addiction vulnerability. Recent availability of data from assemble here from molecular genetic studies. Such a genetic
Table 2 Genes identified in Liu et al. [68] and by murine QTLs for drug response phenotypes
Mouse Human Mouse/Human

QTL name Congenic Chr bp start bp stop Positive Clust. Human SNP Gene identified Monte Carlo
SNPs positive by human SNP p value
SNPs (converg)

Et2metprov1 1 112810686 112866811 1 rs17030446 WNT2B Wingless-type MMTV 0.134

integration site 2B
Et2metprov1 ST7L Suppression of
tumorigenicity 7 like
Et2metprov1 1 119227192 119333702 1 rs10494217 TBX15 T-box 15 0.288

Etcta1/Etohcta1 1 195504031 195714208 1 rs3888104 CRB1 Crumbs homolog 1 0.281

biochemical pharmacology 75 (2008) 98111

Etcta1/Etohcta1 1 196392744 196558173 2 rs3814323 NEK7 NIMA related kinase 7 0.038
Etcta1/Etohcta1 1 196392744 196558173 2 rs10494765 NEK7 NIMA-related kinase 7 0.038

Alcw1/Calw1/Alcdp1 Y 1 238321604 238709964 3 rs10495458 FMN2 Formin 2 0.161

Alcw1/Calw1/Alcdp1 Y 1 238321604 238709964 3 rs6693097 FMN2 Formin 2 0.161
Alcw1/Calw1/Alcdp1 Y 1 238321604 238709964 3 rs10495466 FMN2 Formin 2 0.161

Alcdpprov2 2 100803045 100979719 2 rs356652 NPAS2 Neuronal PAS domain protein 2 0.078
Alcdpprov2 2 100803045 100979719 2 rs3768985 NPAS2 Neuronal PAS domain protein 2 0.078

Ap2q 2 169693107 169927259 2 rs10515931 LRP2 Low density lipoprotein- 0.173

related protein 2
Ap2q 2 169693107 169927259 2 Y rs3770636 LRP2 Low density lipoprotein- 0.173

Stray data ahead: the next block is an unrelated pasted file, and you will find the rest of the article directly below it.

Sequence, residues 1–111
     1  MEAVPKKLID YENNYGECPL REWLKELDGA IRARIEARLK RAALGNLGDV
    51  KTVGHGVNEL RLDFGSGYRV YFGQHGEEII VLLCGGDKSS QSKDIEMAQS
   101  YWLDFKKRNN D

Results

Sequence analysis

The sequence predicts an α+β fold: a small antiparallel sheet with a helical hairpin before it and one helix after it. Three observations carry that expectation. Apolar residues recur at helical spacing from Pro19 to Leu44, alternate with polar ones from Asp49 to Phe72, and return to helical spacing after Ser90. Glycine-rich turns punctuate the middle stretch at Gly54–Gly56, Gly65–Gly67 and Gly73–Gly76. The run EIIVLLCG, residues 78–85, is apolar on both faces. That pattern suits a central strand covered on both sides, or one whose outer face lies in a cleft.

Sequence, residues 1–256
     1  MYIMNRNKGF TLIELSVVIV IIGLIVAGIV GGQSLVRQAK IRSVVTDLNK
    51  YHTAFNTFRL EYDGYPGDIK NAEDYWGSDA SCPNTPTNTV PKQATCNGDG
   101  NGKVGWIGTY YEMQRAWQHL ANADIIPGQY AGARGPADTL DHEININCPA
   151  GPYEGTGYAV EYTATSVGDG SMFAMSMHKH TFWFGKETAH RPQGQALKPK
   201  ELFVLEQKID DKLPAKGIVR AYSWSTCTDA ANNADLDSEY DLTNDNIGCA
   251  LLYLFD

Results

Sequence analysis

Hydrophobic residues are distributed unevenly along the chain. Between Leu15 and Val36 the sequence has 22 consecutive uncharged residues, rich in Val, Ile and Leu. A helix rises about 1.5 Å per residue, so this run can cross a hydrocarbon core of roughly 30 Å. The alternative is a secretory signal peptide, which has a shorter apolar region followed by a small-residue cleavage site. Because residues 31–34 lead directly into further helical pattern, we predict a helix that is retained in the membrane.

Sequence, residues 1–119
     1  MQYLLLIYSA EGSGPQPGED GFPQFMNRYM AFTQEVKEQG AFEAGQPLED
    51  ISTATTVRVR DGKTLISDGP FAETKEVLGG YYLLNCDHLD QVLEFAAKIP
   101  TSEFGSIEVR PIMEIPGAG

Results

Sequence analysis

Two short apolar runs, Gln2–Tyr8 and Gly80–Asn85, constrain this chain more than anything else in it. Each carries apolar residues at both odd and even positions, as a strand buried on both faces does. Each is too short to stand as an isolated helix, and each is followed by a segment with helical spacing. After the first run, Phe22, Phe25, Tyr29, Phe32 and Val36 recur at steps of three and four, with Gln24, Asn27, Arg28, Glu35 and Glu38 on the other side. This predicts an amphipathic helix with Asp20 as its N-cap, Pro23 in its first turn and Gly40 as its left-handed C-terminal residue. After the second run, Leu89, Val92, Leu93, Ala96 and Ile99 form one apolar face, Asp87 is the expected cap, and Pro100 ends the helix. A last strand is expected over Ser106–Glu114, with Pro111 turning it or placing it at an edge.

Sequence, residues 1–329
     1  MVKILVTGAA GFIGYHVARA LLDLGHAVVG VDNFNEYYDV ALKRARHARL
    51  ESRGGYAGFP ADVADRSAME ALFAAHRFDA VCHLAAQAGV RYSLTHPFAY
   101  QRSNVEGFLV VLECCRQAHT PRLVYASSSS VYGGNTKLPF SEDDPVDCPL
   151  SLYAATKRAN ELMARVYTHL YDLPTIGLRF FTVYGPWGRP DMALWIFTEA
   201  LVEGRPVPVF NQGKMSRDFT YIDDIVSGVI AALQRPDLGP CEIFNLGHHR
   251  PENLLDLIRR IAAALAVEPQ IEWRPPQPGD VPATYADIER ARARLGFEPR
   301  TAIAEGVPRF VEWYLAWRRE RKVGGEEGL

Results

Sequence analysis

related protein 2

Alcw4 2 173000616 173079256 2 Y rs3762619 ITGA6 Alpha 6 integrin 0.054

Alcw4 2 173000616 173079256 2 rs9287954 ITGA6 Alpha 6 integrin 0.054

Etactprov2 4 123967313 124038840 1 rs10518407 FGF2 Basic fibroblast growth factor 2 0.162

Alcw3 5 156836890 156935346 1 rs17054657 ADAM19 ADAM metallopeptidase domain 19 0.270

Actre8 6 97479326 97695351 2 rs10485382 KIAA1900 KIAA1900 0.150

Actre8 6 97479326 97695351 2 rs9372321 KIAA1900 KIAA1900 0.150

Ap4q 6 117716156 117853711 1 Y rs17079136 ROS1 v-ros UR2 oncogene homolog 1 0.425

Alcw2 Y 9 8304246 9008735 4 Y rs12001948 PTPRD Receptor type protein 0.349

tyrosine phosphatase D
Alcw2 Y 9 8304246 9008735 4 Y rs7854145 PTPRD Receptor type protein 0.349
tyrosine phosphatase D
Alcw2 Y 9 8304246 9008735 4 Y rs2221184 PTPRD Receptor type protein 0.349
tyrosine phosphatase D
Alcw2 Y 9 8304246 9008735 4 rs10511496 PTPRD Receptor type protein 0.349
tyrosine phosphatase D

Pbw2 Y 9 13503729 14989112 7 rs12684743 0.329

Pbw2 Y 9 13503729 14989112 7 Y rs1832863 0.329
Pbw2 Y 9 13503729 14989112 7 Y rs10810113 NFIB Nuclear factor I/B 0.329
Pbw2 Y 9 13503729 14989112 7 Y rs10435727 NFIB Nuclear factor I/B 0.329
Pbw2 Y 9 13503729 14989112 7 rs10491777 0.329
Pbw2 Y 9 13503729 14989112 7 rs303724 0.329
Pbw2 Y 9 13503729 14989112 7 rs1327998 0.329

Actre17 10 90571869 90601555 1 rs10509556 ANKRD22 Ankyrin repeat domain 22 0.138

Etact1 Y 11 44073675 44223555 1 rs7109109 EXT2 Multiple exostoses 2 0.217

Etp5/Etohc3 Y 11 111284560 111287704 1 rs11214039 CRYAB Alpha B crystallin 0.010

Etp5/Etohc3 HSPB2 Heat shock 27kDa protein 2
Etp5/Etohc3 C11orf52 Chromosome 11 open
reading frame 52

Actre4 15 30846106 31146321 3 rs1258732 FMN1 Formin 1 0.255

Actre4 15 30846106 31146321 3 rs2037844 FMN1 Formin 1 0.255

biochemical pharmacology 75 (2008) 98111

Actre4 15 30846106 31146321 3 rs10519754 FMN1 Formin 1 0.255

Actre11 16 27379436 27468735 1 rs2382868 GTF3C1 Transcription factor IIIC, 0.092

polypeptide 1 alpha
Actre11 KIAA0556 KIAA0556 protein

Actre12 16 56349634 56393909 1 rs4784010 KIFC3 Kinesin family member C3 0.086

This table lists the murine QTLs for drug response phenotypes that are best supported by this convergence and the gene(s) that are identified by convergent human data from Liu et al. [68] for each
QTL. For complete information about the QTLs and references to relevant papers, see (http://www. Each QTL was mapped to a genome wide level of significant
( p < .01) or suggestive (P < .05) status after correction for multiple comparison corrections, unless the QTL name indicates provisional status (prov). (See text for discussion of PTPRD).

108 biochemical pharmacology 75 (2008) 98111